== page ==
Cap

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Caspar Weinberger, who died earlier this morning, was among the greatest Secretaries of Defense in our country's history.  It was 'Cap' who single—handedly managed the Reagan—era military buildup that brought the Soviet Union to its knees.

When President Reagan took office in 1981, his objective was different from that of any of his predecessors.  They wanted merely to not lose the Cold War.  Reagan wanted to win it.  The question was: How?  When the President had his hands on intelligence that confirmed his gut feel that the Soviet economy wasn't growing — the CIA had previously thought the Soviet economy was growing at a 3 percent annual rate — but in fact was starting to implode, the President had his answer.  He would order a massive build—up of U.S. military forces that the cash—starved Kremlin simply couldn't match.  Their choice would be bankruptcy — or, in effect, surrender.

It was Cap Weinberger's job to make that build—up happen, and that is precisely what he did.  Somehow, he got the House and Senate — both controlled by Democrats — to vote for massive increases in the defense budget.  Before long new ships, fighter jets, bombers, tanks and missiles were rolling off assembly lines and being deployed around the world.  The boys in the Kremlin noticed — and knew there was nothing they could do to stop it or, more importantly, match it.  It was over.

Cap was also one of the finest, most decent gentlemen ever to work in Washington.  He never yelled or shouted — he spoke so quietly you had to lean forward in your chair to hear him — and despite a work—pace that would have killed most men decades younger than himself, Cap always seemed to have a moment to chat with younger members of the Administration and to offer a friendly word of advice.  And if you ever needed a personal favor — as I once did — you could count on Cap.

Simply put, Cap Weinberger is among the half—dozen or so individuals most responsible for ending the Cold War quietly, safely — and with total victory for the Free World.

Indeed, he was more than merely a great Secretary of Defense.  He was a great American.

Herb Meyer   3 28 06

Caspar Weinberger, who died earlier this morning, was among the greatest Secretaries of Defense in our country's history.  It was 'Cap' who single—handedly managed the Reagan—era military buildup that brought the Soviet Union to its knees.

When President Reagan took office in 1981, his objective was different from that of any of his predecessors.  They wanted merely to not lose the Cold War.  Reagan wanted to win it.  The question was: How?  When the President had his hands on intelligence that confirmed his gut feel that the Soviet economy wasn't growing — the CIA had previously thought the Soviet economy was growing at a 3 percent annual rate — but in fact was starting to implode, the President had his answer.  He would order a massive build—up of U.S. military forces that the cash—starved Kremlin simply couldn't match.  Their choice would be bankruptcy — or, in effect, surrender.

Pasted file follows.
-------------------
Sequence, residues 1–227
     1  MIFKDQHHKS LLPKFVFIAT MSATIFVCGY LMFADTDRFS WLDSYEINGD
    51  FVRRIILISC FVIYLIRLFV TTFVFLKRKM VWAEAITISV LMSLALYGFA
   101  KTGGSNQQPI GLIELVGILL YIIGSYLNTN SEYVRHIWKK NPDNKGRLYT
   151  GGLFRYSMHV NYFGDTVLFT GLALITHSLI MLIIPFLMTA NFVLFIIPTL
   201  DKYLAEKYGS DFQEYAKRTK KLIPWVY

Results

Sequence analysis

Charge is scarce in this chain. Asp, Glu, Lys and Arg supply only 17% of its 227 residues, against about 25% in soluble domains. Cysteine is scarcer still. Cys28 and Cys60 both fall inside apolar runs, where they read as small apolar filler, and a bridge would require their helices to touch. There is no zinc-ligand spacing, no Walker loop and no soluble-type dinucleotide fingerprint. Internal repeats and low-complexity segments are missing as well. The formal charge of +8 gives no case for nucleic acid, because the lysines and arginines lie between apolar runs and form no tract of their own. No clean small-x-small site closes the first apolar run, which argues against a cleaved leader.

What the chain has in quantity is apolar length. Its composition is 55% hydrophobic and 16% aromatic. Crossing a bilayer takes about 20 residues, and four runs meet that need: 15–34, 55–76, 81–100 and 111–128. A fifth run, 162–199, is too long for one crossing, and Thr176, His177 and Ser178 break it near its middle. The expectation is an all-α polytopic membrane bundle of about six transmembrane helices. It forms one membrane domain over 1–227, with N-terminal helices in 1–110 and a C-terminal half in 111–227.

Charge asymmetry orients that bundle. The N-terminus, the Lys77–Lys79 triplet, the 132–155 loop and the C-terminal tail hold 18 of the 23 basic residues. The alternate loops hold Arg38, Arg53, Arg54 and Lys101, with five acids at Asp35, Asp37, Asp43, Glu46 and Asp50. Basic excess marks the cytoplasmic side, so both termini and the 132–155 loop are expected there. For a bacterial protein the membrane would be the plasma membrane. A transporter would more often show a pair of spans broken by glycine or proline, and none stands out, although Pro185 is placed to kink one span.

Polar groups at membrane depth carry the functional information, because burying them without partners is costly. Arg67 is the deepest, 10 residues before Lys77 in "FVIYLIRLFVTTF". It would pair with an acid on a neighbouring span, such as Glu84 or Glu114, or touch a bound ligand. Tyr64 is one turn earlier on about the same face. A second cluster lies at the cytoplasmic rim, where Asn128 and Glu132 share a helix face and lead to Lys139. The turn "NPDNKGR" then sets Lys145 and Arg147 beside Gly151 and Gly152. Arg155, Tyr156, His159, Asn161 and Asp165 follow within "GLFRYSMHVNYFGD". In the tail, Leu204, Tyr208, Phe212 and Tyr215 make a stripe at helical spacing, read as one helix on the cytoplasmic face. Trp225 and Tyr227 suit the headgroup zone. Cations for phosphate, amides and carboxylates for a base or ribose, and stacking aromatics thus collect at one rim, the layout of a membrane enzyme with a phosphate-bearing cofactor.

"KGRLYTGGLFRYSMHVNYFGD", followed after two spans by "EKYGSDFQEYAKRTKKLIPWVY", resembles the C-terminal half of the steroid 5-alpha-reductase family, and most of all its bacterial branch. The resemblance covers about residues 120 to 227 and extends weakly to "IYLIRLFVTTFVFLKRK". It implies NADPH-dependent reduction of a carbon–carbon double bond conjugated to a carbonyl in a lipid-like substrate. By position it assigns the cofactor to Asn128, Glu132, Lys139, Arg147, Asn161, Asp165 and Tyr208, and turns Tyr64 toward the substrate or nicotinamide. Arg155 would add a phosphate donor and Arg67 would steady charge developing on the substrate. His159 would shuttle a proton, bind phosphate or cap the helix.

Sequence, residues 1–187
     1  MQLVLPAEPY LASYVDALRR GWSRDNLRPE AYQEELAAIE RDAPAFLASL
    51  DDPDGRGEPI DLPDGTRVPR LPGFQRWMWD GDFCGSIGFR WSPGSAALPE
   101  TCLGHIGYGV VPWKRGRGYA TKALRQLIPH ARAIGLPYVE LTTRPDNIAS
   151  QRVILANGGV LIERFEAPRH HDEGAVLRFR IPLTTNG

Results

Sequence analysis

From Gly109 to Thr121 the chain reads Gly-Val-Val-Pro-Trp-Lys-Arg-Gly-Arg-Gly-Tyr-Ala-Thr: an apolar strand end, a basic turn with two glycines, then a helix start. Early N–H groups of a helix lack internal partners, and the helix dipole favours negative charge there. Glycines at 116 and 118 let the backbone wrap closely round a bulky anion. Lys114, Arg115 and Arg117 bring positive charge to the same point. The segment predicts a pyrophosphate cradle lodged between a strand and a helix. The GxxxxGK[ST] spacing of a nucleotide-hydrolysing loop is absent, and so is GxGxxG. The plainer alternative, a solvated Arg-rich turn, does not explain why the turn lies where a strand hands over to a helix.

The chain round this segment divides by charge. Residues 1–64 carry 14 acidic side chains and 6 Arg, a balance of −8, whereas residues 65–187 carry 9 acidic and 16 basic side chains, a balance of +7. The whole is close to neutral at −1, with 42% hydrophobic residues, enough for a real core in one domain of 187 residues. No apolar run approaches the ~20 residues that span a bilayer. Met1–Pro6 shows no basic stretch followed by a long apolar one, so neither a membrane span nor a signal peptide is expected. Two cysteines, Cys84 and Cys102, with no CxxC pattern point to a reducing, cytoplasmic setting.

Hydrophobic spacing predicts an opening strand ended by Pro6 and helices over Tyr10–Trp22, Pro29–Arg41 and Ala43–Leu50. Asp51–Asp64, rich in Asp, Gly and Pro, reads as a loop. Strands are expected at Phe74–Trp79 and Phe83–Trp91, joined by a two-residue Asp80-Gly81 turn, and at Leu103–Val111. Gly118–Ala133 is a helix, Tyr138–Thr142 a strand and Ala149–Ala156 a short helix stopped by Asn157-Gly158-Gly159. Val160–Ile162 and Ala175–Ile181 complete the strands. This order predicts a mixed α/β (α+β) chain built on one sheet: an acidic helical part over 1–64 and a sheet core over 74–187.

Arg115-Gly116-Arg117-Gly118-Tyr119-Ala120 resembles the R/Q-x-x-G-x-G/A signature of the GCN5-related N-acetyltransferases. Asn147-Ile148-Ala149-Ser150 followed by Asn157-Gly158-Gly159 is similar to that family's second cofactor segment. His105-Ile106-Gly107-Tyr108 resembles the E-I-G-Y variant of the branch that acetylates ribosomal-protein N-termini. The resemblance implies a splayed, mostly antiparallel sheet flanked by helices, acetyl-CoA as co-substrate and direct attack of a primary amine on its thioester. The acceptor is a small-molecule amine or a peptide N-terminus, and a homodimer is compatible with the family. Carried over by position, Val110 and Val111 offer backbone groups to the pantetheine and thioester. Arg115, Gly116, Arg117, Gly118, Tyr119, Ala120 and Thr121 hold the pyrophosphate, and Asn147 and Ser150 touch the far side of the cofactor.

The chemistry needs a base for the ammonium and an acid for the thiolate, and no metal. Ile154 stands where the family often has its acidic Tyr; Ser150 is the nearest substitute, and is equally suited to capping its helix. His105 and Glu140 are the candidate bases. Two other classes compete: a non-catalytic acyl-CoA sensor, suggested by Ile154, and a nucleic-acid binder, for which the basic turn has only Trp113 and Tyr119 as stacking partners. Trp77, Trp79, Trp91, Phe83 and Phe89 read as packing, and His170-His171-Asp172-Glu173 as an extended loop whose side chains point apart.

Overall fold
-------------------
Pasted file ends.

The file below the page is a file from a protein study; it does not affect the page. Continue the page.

It was Cap Weinberger's job to make that build—up happen, and that is precisely what he did.  Somehow, he got the House and Senate — both controlled by Democrats — to vote for massive increases in the defense budget.  Before long new ships, fighter jets, bombers, tanks and missiles were rolling off assembly lines and being deployed around the world.  The boys in the Kremlin noticed — and knew there was nothing they could do to stop it or, more importantly, match it.  It was over.

Cap was also one of the finest, most decent gentlemen ever to work in Washington.  He never yelled or shouted — he spoke so quietly you had to lean forward in your chair to hear him — and despite a work—pace that would have killed most men decades younger than himself, Cap always seemed to have a moment to chat with younger members of the Administration and to offer a friendly word of advice.  And if you ever needed a personal favor — as I once did — you could count on Cap.

Simply put, Cap Weinberger is among the half—dozen or so individuals most responsible for ending the Cold War quietly, safely — and with total victory for the Free World.

Indeed, he was more than merely a great Secretary of Defense.  He was a great American.

Herb Meyer   3 28 06